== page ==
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I recently had a conversation with a friend where I told her the following:

People go out on Friday nights that's why you wouldn't see anyone in the hall.

Does the 'would' part make sense in this context? Or should I go with "that's why you don't see anyone"

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up vote 2 down vote accepted

It depends on what has gone on previously in the conversation. For example, wouldn’t see is contingent on the assumed condition if you went into the hall on Friday nights. So it might be a suitable response if someone had said I’ve been told that I wouldn’t see anyone if went into the hall on Friday night. Why’s that?

Don’t see assumes that the previous speaker has actually been in the hall several times on a Friday night and hasn’t seen anyone there. It might follow the question How come I don’t see anyone in the hall on Friday nights?

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The lady lives here but she didn't know if people went out on Friday nights. And she thought that people actually did exist on Friday nights in the hall. Should I go with don't or wouldn't? – Noah Mar 10 '12 at 23:28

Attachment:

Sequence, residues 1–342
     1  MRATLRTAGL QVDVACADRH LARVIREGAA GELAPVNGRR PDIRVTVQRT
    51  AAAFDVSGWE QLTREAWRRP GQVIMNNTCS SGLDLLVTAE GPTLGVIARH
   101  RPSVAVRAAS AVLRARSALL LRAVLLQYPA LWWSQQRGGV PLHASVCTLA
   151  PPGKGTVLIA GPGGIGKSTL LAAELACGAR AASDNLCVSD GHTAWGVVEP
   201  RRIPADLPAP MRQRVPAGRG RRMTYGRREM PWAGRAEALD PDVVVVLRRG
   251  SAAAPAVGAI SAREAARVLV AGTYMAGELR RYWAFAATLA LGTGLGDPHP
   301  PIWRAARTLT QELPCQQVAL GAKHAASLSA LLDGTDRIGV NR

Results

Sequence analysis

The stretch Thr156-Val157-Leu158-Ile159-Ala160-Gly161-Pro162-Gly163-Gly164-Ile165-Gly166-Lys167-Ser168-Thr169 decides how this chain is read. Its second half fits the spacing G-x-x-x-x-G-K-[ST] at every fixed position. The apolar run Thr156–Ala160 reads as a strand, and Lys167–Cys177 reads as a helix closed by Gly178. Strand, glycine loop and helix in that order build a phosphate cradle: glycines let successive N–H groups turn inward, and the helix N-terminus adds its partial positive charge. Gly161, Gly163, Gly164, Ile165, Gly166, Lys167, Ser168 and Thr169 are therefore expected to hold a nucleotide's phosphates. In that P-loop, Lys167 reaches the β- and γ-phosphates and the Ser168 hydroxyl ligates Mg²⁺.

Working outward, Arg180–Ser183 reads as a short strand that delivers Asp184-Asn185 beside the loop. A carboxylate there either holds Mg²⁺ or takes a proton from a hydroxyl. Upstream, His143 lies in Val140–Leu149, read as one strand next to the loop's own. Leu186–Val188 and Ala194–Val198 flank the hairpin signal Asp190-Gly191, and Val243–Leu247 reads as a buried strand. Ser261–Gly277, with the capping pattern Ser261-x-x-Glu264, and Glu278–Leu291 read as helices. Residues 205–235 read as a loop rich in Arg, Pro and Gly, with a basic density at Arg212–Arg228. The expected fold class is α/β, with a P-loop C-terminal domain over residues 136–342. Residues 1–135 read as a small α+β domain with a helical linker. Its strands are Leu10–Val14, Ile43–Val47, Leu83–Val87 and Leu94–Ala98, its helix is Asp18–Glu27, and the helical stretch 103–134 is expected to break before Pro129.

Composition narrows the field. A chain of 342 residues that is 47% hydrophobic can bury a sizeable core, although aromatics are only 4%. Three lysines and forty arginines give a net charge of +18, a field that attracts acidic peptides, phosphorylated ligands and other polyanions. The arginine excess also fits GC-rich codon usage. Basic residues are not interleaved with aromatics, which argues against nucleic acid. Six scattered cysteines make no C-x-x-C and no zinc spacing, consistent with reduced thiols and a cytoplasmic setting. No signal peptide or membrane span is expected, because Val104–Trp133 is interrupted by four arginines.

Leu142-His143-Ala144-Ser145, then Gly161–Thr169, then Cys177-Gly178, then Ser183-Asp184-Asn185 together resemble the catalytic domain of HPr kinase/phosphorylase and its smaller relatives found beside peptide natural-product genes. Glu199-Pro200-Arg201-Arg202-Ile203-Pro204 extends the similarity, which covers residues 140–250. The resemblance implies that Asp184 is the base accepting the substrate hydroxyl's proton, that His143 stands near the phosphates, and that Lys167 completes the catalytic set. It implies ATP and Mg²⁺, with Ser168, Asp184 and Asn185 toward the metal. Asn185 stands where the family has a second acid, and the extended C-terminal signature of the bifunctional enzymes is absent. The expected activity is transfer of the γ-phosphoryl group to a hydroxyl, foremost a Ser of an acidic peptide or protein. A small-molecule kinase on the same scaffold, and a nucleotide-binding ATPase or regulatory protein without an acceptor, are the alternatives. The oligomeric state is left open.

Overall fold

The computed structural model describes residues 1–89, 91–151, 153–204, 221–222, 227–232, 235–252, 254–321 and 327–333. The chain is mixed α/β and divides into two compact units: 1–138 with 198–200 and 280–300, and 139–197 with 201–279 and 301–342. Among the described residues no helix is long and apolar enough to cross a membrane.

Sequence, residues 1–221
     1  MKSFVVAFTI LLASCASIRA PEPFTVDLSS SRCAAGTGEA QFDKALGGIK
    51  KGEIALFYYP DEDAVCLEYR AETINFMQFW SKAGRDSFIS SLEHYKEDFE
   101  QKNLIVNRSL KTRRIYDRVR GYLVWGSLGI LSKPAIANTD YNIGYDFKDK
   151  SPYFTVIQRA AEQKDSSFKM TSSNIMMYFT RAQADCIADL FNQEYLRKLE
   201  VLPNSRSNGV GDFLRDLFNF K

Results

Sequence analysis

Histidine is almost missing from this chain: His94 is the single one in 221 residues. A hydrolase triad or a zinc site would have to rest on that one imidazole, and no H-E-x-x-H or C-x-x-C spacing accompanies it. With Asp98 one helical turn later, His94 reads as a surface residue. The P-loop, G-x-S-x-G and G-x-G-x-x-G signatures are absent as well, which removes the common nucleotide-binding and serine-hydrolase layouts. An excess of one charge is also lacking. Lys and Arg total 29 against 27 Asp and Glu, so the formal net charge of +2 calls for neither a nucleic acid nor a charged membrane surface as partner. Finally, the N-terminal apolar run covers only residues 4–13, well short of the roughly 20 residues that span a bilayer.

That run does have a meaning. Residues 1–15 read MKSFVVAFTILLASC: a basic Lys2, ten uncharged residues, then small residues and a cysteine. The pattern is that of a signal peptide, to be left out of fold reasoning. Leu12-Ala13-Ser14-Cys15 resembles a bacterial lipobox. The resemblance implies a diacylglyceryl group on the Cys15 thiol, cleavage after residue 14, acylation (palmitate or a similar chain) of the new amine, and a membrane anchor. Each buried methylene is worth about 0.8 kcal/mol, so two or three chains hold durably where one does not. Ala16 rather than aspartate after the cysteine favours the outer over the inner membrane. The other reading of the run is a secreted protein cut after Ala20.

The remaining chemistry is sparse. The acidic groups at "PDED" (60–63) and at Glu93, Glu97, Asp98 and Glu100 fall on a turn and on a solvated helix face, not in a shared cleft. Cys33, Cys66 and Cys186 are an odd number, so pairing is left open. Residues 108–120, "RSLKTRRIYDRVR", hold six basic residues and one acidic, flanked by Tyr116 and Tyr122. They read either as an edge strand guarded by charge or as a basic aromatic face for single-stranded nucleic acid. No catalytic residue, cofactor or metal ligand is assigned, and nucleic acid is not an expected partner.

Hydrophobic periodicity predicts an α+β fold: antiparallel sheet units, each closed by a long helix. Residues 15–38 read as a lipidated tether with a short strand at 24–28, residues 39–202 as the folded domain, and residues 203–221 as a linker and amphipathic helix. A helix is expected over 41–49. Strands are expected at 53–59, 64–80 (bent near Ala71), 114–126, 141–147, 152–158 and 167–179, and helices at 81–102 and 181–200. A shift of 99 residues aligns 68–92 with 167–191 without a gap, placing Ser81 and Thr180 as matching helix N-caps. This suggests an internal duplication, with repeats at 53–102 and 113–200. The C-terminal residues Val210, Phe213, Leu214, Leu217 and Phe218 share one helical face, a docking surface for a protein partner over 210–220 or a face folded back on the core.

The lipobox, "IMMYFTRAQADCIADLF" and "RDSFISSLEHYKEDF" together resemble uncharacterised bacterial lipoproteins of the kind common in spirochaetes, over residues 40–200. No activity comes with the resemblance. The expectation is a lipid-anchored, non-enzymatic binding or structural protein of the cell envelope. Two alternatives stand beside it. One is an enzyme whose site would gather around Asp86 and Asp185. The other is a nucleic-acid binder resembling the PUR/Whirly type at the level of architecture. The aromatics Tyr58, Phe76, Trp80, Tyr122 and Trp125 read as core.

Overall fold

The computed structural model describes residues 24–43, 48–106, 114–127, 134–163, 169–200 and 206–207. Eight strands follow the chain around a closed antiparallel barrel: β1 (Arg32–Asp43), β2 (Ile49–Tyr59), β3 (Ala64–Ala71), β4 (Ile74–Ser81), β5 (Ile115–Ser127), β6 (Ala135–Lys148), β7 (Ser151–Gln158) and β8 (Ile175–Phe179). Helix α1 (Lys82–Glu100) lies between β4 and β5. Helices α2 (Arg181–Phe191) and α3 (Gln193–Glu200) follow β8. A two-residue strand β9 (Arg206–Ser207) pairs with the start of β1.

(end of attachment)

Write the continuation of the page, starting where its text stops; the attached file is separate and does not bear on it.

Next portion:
Again, it depends on the actual words she used, but you might want to consider 'you won't see anyone in the hall.' That's very definite, meaning that no matter how hard or for how long she looks, her efforts to find people there will be fruitless. – Barrie England Mar 11 '12 at 7:07
I see. What if we are giving general kind of information, not taking into account her question? – Noah Mar 11 '12 at 8:03
@Noah: I can't answer that question. Language doesn't exist in a vacuum, but is used to achieve a particular purpose at a particular time in a particular context. – Barrie England Mar 11 '12 at 8:09

It depends on where you were when you said it. If you were in the hall, then you would say don't see but if you were not in the hall, then you would say wouldn't see as in that's why you wouldn't see anyone in the hall <if you were to go and look>

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